“They may not have been producing when prices were lower, but as soon as gold reaches that threshold where it becomes profitable to start making cuts into the ground again they not only go from taking a year-over-year loss on that field but they become highly profitable and can even ramp up volume to squeeze as much juice out of that lemon as they can,” says Bailin. “You see that reflected in their shares.”
Such funds, he notes, can be leveraged plays, because at the point of profitability the shares of those companies often climb faster than the price of the metal they mine.
Double Gold ETFs, in fact, seek to double the investment return of either gold bullion or a specific gold index through operational leverage – for better or worse.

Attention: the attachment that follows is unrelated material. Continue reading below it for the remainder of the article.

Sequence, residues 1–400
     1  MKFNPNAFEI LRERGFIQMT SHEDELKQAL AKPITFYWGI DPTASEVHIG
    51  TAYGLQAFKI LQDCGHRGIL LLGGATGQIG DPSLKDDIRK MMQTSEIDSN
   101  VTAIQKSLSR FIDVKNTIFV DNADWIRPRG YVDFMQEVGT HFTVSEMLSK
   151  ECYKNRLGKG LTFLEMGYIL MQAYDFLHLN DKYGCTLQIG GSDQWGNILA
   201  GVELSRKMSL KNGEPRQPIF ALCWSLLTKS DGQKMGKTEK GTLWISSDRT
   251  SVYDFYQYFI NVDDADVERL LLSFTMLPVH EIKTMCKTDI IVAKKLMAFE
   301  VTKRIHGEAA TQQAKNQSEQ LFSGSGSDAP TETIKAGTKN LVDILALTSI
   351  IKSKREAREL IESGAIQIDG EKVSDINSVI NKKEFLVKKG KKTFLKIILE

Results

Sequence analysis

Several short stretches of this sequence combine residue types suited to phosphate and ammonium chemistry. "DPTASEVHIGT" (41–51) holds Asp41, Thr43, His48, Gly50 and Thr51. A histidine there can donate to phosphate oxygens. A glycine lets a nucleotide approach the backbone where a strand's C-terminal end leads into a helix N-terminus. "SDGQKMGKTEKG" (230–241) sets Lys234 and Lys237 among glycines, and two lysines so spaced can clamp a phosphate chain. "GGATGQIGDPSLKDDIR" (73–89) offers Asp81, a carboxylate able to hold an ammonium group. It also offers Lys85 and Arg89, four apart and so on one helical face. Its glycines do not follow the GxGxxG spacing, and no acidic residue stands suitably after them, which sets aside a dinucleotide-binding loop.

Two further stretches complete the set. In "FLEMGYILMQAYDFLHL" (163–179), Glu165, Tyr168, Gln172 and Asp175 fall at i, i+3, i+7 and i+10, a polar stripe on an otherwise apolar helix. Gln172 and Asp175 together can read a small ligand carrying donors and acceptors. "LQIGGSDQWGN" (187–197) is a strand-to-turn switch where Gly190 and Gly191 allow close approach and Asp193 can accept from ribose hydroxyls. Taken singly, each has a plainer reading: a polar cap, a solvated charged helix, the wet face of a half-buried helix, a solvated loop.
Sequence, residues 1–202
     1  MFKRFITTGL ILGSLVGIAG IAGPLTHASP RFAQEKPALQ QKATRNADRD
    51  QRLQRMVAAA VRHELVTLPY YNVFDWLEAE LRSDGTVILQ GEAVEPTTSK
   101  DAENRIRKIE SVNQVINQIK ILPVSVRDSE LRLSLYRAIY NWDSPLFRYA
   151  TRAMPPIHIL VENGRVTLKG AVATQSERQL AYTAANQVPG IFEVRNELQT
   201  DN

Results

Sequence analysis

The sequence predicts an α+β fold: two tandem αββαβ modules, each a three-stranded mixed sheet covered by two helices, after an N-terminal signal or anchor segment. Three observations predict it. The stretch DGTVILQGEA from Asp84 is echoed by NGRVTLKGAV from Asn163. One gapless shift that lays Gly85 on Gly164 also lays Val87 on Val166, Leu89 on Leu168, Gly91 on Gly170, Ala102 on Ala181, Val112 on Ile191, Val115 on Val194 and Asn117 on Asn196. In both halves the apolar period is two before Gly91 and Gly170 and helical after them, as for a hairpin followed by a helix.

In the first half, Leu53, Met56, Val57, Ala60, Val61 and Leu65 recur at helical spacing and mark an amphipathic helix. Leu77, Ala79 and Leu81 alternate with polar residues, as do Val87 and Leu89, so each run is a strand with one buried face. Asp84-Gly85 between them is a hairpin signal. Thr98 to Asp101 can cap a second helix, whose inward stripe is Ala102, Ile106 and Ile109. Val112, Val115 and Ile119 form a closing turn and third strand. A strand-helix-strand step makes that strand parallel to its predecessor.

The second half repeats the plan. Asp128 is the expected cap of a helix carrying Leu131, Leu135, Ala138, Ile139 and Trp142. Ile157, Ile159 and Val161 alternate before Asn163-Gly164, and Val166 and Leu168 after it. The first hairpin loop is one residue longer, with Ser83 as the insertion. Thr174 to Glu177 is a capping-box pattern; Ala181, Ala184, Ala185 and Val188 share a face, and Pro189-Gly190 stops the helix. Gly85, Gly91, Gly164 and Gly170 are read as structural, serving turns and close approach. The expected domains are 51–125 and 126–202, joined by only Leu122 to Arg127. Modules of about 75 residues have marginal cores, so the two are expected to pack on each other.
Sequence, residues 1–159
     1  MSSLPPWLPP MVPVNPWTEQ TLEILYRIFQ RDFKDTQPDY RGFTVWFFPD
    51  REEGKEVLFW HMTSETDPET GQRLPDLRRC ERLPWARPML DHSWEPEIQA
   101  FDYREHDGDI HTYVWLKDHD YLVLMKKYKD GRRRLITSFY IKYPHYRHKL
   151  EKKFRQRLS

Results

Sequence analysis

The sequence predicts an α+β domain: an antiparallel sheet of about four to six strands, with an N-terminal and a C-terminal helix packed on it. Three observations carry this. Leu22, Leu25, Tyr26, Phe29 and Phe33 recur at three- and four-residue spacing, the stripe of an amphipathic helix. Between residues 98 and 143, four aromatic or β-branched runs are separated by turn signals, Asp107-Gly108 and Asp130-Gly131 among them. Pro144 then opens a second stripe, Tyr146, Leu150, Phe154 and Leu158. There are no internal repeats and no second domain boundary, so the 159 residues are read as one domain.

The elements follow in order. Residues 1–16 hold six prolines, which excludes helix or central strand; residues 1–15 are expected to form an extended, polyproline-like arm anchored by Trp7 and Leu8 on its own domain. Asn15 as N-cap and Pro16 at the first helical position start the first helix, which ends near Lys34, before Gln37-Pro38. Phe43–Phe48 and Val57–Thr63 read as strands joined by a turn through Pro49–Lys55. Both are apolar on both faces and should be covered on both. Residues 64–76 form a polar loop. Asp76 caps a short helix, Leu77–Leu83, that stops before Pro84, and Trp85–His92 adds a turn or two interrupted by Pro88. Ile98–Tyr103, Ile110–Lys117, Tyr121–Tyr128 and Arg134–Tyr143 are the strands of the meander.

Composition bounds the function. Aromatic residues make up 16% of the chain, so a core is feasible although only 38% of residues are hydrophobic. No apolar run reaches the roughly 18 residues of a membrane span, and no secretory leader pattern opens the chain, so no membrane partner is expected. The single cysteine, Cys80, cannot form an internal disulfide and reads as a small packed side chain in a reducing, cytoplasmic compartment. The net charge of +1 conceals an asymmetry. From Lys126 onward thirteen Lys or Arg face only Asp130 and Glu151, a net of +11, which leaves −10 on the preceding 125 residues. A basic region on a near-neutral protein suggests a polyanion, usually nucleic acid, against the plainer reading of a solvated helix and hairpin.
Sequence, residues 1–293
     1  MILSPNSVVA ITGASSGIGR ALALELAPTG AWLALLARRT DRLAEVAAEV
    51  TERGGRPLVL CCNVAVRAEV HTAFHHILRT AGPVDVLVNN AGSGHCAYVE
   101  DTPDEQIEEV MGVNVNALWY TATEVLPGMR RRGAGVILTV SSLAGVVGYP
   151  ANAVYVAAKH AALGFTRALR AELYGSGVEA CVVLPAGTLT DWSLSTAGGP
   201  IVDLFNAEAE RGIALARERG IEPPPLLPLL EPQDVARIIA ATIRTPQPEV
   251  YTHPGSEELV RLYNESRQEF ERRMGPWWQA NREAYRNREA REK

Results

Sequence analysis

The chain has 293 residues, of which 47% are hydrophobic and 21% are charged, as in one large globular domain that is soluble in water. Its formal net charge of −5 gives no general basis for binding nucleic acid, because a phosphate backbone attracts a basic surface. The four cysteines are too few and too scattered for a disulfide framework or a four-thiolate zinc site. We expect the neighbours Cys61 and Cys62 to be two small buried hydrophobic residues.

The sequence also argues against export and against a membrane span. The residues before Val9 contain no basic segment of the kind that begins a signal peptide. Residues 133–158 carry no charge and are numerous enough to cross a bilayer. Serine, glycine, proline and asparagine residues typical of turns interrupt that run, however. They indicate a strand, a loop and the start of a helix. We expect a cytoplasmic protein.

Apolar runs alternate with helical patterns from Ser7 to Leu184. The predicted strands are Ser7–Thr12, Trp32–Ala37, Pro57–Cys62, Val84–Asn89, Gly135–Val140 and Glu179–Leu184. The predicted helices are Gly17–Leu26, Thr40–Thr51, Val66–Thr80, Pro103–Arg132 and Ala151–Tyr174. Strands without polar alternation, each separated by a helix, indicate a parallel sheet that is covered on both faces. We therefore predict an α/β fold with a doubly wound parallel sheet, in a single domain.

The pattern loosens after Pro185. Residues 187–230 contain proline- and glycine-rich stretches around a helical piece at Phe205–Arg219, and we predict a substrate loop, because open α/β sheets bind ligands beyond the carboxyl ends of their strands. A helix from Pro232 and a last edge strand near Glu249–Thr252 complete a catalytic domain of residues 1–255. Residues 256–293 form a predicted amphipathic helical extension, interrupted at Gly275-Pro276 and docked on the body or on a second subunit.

If the price of gold goes up by 10 percent, the fund would attempt to return 20 percent.
The reverse, of course, also applies. If the price of gold falls by 10 percent, the fund would tumble 20 percent.
With a one-year return of 87 percent, ProShares Ultra Gold is among them.
As stock funds, however, all equity ETFs are vulnerable to movements in the overall stock market, management changes and operational challenges.
As such, they are best left to seasoned investors who can stomach a little risk, says Bailin.